GREAT Book. Read very well. Mayor's voice character was a little grating, but awesome story.
Listened to this with my son, 6 th grade. would recommend it.
It's a "Good Start" because we want to listen to the series now.
What I loved best was when they find the path out of the city.
The most memorable moments were when she got the light blue colored pencil and when they get out of the city.
My favorite scene was the ride in the boat down the tunnels.
I cried when the grandmother died and I laughed when the baby was lost in the yarn. So it was a bit of both.
I absolutely loved it. <3<3
Prize-winning Poet, Composer and Lyricist.
The City of Ember is book one in this amazing series written by Jeanne DuPrau. It is narrated by Wendy Dillon and I have read enough reviews here to have a comment I hope adds to the reader's understanding. There is a part where the mayor uses a bullhorn that obviously isn't working (the story explains this by illustrating it) and the panicky people of Ember keep having to ask others what he said. This has been reported by many reviewers as frustrating and annoying. That is how it is supposed to be, as it is what the people of Ember are experiencing.
The experience of listening to an audio book is not merely narration, there are often varying levels of acting and sound effects included to make it a rounder experience. I enjoy this type of experience as it reminds me of the old days when Radio was king and people gathered around it as they used to gather around television.
With that said, I love this book and have listened many times to my old multiple CD copy and was glad to finally be able to replace that with one download to complete this entire series in audio from Audible.
Many adults who come to this book have heard of other stories regarding the possibility of the world's end and what people might do in order to somehow survive it. This is a story like that but from a truly original point of view. This is not at all dystopian, it is rather a story I would be glad to start my own grandchildren on and let them collect one by one until they have the whole story of all 4 books. They are normally read in the following order (though there are decent arguments for setting the third book in place of the first): 1- The City of Ember 2- The People of Sparks 3- The Prophet of Yonwood 4- The Diamond of Darkhold. For those who don't like this particular narrator (though holding the presentation against her is too far, in my opinion) just know that each book is done by a different narrator. Wendy Dillon only narrates the first book.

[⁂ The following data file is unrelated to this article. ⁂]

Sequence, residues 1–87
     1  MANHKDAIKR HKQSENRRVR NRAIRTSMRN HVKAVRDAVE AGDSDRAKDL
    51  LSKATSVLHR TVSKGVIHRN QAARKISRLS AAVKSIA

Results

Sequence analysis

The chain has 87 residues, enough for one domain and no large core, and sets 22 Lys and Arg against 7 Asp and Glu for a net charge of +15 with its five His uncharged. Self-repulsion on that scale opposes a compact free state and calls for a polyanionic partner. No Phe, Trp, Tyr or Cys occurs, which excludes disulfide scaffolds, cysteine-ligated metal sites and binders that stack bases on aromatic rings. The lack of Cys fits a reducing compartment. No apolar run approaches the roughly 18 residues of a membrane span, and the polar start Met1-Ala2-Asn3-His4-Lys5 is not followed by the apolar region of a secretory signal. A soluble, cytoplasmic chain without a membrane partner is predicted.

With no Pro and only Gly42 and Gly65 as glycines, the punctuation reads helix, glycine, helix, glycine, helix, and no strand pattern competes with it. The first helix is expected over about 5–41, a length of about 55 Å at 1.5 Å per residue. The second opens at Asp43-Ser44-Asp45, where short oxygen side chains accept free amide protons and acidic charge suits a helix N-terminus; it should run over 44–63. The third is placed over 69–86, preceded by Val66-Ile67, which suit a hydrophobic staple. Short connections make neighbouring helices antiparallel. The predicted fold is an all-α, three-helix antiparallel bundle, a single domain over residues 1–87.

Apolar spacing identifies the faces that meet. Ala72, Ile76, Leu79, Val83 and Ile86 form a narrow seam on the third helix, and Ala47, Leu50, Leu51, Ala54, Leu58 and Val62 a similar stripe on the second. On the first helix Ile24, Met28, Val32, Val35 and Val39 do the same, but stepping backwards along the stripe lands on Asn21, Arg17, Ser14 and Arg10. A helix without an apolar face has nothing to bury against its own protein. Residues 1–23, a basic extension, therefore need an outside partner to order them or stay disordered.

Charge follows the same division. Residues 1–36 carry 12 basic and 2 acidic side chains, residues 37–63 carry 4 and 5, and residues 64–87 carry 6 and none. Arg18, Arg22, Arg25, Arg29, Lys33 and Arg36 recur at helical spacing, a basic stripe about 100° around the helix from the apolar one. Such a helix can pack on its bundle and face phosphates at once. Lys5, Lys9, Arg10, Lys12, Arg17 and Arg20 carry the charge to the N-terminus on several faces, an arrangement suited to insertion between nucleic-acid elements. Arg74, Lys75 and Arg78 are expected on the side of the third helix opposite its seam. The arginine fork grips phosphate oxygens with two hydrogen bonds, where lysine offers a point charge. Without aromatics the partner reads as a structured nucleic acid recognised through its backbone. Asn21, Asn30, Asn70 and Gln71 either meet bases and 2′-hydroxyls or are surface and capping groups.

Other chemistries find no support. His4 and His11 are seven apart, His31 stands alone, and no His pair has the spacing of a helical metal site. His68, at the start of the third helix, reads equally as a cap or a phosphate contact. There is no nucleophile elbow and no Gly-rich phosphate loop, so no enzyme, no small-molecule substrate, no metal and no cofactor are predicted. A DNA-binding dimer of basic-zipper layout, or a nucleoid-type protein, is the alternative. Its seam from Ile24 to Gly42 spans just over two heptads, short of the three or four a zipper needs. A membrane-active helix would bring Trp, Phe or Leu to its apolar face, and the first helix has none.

Because the book was short I managed to follow it through until the end-- but the narration was incredibly difficult to handle. Previous comments about the mayors voice being difficult to listen to are absolutely correct. I had a hard time listening to almost any characters voice as portrayed by this narrator-- which is generally a problem for an audiobook. I haven't even bothered to see if there are sequels to this book. It was pretty immature (I realize it's a YA novel-- but this seems to be aimed more at elementary school kids), poorly written, quite predictable, and in the end I didn't care at all about any of the characters or the society in general, I was just happy it was over.
Young and dumb and fun and looking for a way to solve life's problems through my love of books. ♡
It started off a tiny bit irritating to me but quickly caught my attention. The performance was well done and the minimal, but well timed sound effects added a nice touch. I'm eager to listen to more!